Weaving Blog

Save Your Warp for Later: 4 Simple Steps

We put a lot of time and effort into getting our looms beautifully warped because we know that this is crucial to a good weaving experience. It can be a wee bit annoying, then, to find that you need to change what is on the loom before a warp is finished!

warped loom

However, there are several reasons you might want to do this. When there’s a deadline coming up — a special event that calls for a handwoven gift or a show you want to enter — you might need to suspend one project and switch to another. Or, when your plans are simply not working the way you intended, you might need some time to rethink.

The good news is that only a few simple steps are needed to take your current warp off the loom and save it for later.

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Step 1: To cut off or not to cut off?

If you have woven a piece already but haven’t cut it off, then the easiest thing to do is to leave it attached while you prepare the warp. Just keep advancing the warp and winding it onto the cloth beam around your completed weaving. It helps if you use some packing to separate the layers as you would on the warp beam. Stop when the back apron rod is sitting on top of the back beam, as shown below.

back apron rod position for saving warp

If you have cut off the woven part already, then you can always tie the warp on again. I’d recommend this if you have more than 3 yards unwoven, though there is no need to be quite as particular about the tension as you would be if you were tying it on to weave! Then advance the warp as described above.

If there are 3 yards or fewer remaining, then I don’t usually re-tie. I simply advance the warp steadily, gently pulling on the unwoven yarn so that it comes smoothly through the heddles and reed. Stop when the back apron rod is sitting on top of the back beam. Then, taking the warp in large bundles, wrap the ends a few times around the breast beam to secure temporarily.

bind warp around breast beam

Step 2: Reinserting lease sticks

If you leave your lease sticks in while weaving, then you can skip this step. If, like me, you prefer to remove the lease sticks, then you will find that it is very simple to reinsert them.

If your threading includes the possibility of a plain weave shed, you should use that. If it doesn’t, use the nearest approximation. If this means alternating two-by-two instead of one-by-one, or a mix of these, don’t worry: it will be sufficient for your re-threading later on.

Open the shed one way and insert a lease stick behind the heddles.

save warp first lease stick

Change to the opposite shed and insert the second lease stick in front of the first.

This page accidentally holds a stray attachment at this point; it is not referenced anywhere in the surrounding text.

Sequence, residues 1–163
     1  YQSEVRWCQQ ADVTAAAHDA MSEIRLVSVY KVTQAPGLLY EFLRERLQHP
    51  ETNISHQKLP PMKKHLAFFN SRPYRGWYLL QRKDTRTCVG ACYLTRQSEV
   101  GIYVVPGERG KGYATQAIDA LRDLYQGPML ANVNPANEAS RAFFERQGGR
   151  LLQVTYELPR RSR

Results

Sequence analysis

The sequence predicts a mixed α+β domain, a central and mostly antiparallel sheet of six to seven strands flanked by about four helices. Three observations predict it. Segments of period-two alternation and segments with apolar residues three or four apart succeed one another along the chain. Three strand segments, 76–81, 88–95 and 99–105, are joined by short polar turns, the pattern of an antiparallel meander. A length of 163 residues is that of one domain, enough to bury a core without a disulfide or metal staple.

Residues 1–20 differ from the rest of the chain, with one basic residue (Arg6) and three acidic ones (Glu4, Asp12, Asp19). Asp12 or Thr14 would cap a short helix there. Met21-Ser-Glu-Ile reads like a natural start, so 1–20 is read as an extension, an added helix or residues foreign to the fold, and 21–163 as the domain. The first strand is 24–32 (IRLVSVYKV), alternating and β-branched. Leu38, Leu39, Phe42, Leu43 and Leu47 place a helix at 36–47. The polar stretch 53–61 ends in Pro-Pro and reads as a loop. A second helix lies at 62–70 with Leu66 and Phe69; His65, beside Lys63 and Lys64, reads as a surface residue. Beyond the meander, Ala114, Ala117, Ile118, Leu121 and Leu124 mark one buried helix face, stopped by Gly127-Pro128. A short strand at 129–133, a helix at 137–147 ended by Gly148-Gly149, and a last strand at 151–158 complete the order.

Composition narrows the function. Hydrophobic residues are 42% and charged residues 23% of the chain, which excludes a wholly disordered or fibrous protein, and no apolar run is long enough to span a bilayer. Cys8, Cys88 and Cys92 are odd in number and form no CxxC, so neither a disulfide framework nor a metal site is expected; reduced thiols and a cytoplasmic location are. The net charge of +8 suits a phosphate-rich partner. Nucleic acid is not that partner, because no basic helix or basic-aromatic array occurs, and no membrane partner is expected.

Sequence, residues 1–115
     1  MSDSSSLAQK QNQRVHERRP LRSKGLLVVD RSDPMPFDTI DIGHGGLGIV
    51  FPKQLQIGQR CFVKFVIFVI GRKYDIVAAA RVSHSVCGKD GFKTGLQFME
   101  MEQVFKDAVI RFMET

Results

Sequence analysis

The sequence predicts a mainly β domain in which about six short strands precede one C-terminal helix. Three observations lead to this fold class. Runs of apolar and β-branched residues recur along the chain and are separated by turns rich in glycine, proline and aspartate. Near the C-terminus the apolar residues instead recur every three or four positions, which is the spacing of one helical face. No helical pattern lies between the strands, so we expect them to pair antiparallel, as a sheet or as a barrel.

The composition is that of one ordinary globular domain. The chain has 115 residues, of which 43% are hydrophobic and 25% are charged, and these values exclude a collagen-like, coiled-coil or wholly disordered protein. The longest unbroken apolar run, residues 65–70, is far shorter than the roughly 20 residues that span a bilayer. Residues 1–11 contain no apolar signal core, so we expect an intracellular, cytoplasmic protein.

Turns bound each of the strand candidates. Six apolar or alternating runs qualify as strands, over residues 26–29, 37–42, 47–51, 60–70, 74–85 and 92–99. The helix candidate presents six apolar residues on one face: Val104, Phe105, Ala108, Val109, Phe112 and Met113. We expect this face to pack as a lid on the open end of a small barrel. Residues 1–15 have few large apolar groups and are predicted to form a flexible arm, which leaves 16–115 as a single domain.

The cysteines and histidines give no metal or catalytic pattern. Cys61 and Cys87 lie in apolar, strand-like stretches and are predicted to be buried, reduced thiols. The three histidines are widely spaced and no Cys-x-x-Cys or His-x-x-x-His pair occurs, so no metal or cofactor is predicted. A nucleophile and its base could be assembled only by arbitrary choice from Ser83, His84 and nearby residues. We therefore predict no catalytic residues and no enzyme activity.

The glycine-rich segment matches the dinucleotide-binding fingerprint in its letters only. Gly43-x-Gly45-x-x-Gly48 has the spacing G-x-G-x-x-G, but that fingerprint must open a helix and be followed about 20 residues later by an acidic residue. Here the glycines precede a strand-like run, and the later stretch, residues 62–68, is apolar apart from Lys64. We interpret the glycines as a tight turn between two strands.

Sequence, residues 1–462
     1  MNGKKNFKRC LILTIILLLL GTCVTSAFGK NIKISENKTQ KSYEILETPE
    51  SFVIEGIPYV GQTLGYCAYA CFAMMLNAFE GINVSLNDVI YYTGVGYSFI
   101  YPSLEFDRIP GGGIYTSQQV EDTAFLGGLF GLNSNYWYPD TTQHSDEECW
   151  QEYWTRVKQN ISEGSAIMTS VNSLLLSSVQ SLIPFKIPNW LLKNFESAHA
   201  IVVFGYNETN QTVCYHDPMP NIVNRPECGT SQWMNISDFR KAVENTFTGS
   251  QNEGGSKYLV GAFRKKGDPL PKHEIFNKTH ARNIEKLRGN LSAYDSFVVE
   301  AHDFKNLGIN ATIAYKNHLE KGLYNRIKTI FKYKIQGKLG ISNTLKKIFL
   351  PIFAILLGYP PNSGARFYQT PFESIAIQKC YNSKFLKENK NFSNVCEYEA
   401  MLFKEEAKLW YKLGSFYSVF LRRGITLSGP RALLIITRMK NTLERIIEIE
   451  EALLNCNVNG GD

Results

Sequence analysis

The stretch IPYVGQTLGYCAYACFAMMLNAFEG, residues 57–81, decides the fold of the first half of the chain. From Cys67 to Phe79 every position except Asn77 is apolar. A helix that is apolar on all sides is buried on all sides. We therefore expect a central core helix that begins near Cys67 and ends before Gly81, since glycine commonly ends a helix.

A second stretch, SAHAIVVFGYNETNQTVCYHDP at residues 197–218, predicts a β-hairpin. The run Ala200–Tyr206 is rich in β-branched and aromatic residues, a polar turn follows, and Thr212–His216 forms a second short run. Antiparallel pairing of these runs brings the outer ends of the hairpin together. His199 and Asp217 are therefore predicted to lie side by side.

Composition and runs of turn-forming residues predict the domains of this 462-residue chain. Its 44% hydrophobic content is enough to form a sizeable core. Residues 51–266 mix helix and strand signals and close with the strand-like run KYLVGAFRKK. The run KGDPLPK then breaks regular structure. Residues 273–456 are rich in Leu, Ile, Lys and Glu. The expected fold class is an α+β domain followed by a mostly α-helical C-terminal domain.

save warp second lease stick

You will be able to see the cross taking shape between the lease sticks. If you have accidentally missed any warp ends, you will be able to see them floating over the top or underneath the cross, so take this opportunity to make the correction.

Fasten the lease sticks together as usual.

Step 3: Securing the cross

If your warp is narrow, you can treat it as a single bout. Otherwise, divide it into sections and push each section a little way from its neighbor(s) so that you can clearly see where each end belongs. Then, taking each bout in turn, secure the four arms of the cross: I simply use a length of string tied with an overhand knot for each.

save warp secure cross

Finally, tie a choke tie around each warp bout just in front of the back apron rod. If you warp your loom back to front, you will have loops around the apron rod, so it is sufficient to tie around the top half of the warp only. However, if you have cut ends knotted at the back, then tie a choke tie around the whole bout together.

Step 4: The great unwinding

My preferred approach to the last step is to remove the apron rod and lease sticks and gradually pull the warp bouts back through the reed and heddles by hand. I stop every yard or so and add another choke tie just behind the heddles.

save warp pull through heddles

Another option, which you may find easier if there is a lot of warp left, is to wind the warp back onto the warp beam until the front apron rod (or previously woven cloth) prevents you from going any farther. Once you have untied or cut off the warp at the front, you can pull the last of the unwoven yarn free of the heddles and gradually unwind it from the back, adding choke ties as you go.

Neatly stow your warp in a safe place until you are ready to come back to it. Don’t forget where you put it!

FREE Guide: 7 Simple Scarf Tips Every Weaver Should Know

Scarf Weaving With Confidence

Download this free PDF guide and get 7 great tips for weaving success in every scarf project! Get my FREE guide »

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